Pakistan model can be best used for Turkey over US sanctions
Let us start with the statements President Recep Tayyip Erdogan made ahead of his Azerbaijan visit concerning the U.S. and upcoming Biden term, which will commence on Jan. 20, 2021:
“We still consider any statements we have made so far and will make as premature. Let Mr. Biden first take office, and then we will sit down and discuss matters with him. Just as we came together in the past and talked, whether it be in Turkey or the U.S. There can be no conflict between nations regarding politics. Diplomacy in particular requires such matters to be deliberated over in order to reach an agreement and find a solution. Certain people in your country may prompt negative action. That is not important; they are amateurs in politics. I am confident that we will move forward with the U.S. in a very different manner.”
A post by Michael Carpenter, one of Biden’s advisers, saying, “Glad to see Turkey signaling an openness to dialogue with the next administration,” following this statement by Erdogan, was interesting.
New Ambassador to Washington: Why Murat Mercan?
One of the steps that can be evaluated in terms of preparation for the Biden term was the appointment of Turkey’s Ambassador to Tokyo Murat Mercan as Turkey’s new envoy to Washington.
It is said that Mercan, who was involved in the founding of the Justice and Development Party (AK Party), who served as a deputy, and undertook constructive roles in foreign affairs, more specifically in relations with the U.S., met in advance with many figures who will be serving in the Biden administration, and is currently in close contact with them.
It might be useful to keep this appointment in mind in this respect.
An important article was published in The New York Times a few days ago on the characteristics of Turkish-American relations in Biden’s term.
According to the article, a senior Turkish official said, “Mr. Biden’s advisers have made clear they will engage with Turkey through traditional and technical diplomatic channels — and not rely on the kind of spontaneous and direct lines of communication that marked the relationship between Mr. Trump and Mr. Erdogan”
What does this mean?
Utilizing conventional and technical diplomacy channels signify a term in which the communication channels between institutions will be used more effectively. This can be considered as another sign of the importance of the mission tasked to new ambassador Mercan during the transition period.
First test will be concerning Russian S-400s
As mentioned in the NYT article, the Biden administration’s approach to the Russian S-400 missiles is going to be the first test of the new term in relations between the two states. Given the position of the U.S. and Turkey with respect to this matter, it is known that the “rift” between them is rather large.
Despite Trump publicly making statements touching on Turkey’s justification regarding this matter at the 2019 G-20 summit held in Osaka, and saying, “Tu-rkey had no other choice due to our mistakes,” there was no change in the U.S.’s institutional position.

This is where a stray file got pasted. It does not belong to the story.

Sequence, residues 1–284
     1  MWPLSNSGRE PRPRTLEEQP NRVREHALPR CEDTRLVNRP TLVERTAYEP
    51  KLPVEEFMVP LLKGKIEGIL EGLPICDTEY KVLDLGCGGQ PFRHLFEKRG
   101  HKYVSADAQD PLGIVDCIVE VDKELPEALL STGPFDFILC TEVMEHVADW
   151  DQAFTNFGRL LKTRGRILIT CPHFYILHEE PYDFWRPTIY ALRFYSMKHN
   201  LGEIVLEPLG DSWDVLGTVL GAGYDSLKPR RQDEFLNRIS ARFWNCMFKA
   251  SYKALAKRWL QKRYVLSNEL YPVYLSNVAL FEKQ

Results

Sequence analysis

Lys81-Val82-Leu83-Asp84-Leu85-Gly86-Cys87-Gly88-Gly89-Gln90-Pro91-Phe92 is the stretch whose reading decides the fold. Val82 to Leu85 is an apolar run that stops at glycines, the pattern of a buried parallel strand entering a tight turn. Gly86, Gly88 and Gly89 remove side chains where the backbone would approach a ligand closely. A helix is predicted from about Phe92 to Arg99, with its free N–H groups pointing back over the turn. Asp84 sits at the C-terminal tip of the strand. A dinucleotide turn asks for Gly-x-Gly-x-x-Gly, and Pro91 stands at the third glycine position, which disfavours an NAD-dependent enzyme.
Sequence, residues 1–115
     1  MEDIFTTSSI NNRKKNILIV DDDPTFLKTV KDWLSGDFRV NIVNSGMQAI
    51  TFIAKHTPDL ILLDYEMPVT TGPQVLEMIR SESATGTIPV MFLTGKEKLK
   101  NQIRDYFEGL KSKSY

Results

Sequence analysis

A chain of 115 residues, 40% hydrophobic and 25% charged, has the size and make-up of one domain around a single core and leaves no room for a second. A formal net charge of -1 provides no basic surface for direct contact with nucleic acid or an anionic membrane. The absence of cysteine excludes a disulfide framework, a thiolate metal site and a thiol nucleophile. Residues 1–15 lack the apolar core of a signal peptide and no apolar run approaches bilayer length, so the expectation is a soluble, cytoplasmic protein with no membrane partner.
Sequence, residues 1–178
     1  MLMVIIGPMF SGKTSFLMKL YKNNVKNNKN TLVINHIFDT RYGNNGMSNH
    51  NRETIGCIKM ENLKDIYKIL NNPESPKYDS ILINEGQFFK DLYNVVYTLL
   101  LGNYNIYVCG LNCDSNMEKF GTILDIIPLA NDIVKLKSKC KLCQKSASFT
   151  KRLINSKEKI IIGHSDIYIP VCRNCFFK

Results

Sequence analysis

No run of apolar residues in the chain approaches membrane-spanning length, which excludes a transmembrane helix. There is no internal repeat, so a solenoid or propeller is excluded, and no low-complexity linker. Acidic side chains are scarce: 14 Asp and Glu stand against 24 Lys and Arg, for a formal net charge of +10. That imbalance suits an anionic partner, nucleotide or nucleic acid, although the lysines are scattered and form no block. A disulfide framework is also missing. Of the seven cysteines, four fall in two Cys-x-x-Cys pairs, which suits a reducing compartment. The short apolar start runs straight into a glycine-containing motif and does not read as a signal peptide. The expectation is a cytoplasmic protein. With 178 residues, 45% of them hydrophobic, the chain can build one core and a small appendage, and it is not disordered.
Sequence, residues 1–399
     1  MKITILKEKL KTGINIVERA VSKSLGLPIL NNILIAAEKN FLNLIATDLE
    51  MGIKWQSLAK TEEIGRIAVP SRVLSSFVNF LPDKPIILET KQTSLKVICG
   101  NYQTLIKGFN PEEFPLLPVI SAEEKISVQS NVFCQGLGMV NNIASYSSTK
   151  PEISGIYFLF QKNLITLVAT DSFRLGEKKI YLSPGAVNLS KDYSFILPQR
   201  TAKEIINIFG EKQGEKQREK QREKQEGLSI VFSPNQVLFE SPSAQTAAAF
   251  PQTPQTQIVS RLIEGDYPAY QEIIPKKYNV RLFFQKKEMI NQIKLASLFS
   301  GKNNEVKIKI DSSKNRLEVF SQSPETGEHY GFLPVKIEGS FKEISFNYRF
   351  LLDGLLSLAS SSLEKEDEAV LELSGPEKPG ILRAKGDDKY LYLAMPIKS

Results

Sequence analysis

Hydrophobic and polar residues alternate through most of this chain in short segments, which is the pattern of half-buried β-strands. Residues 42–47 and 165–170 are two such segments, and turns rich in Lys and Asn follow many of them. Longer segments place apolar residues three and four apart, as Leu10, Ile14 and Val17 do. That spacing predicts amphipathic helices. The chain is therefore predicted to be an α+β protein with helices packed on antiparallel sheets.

The only thing that did change was the form of the threat that first said, “We will impose sanctions if even a screw is delivered,” which was made prior to the arrival of the missile battery. They then shifted to “plan B” and said, “Since they have arrived, at least do not activate them,” after the missiles arrived.
Simply because this is the case, Turkey returning the S-400 batteries it received, or the option of selling them to another country is out of the question for Ankara.
That ship has sailed.
The Middle way formula for the S-400S
But is there a formula that can be accepted by both parties with respect to this challenge?
In the words of an experienced official, who was involved in the purchase process of the S-400s, and has a strong grasp over the system’s technical qualities:
“Yes, there is.”
What sort of formula is this then?
According to the source, who spoke on the condition of anonymity, we can call this formula the “Pakistan model.”
Such that: When selling F-16s to Pakistan was on the agenda in the 1990s, the Americans made a deal with the Pakistan administration to be sure that these aircraft would not be used in any way they did not deem fit. More precisely, an office was opened in this country for joint use, and the use of F-16s were monitored here.
According to my source, a similar method can be employed for the S-400s as well.
Accordingly: Turkey and the U.S. could strike a deal similar to the model applied in Pakistan, and thus, an office could be opened where both Turkish and American personnel will be assigned.
Based on this formula, there is no problem concerning the active state of the S-400 system.
However, in the event of a possible risk to the F-35 aircraft, the S-400 batteries can be turned in another direction, and this can be monitored and confirmed by the Americans on duty at the office to be opened jointly.
This would thus eliminate U.S. fears that F-35 secrets will be seized by the S-400s.
This would thus provide a middle way for both sides.
We know not whether such a formula may be discussed in negotiations with the U.S., but if the intention is to find a solution, this or similar bright ideas may come up on the agenda.
In the meantime, we will continue to closely follow developments.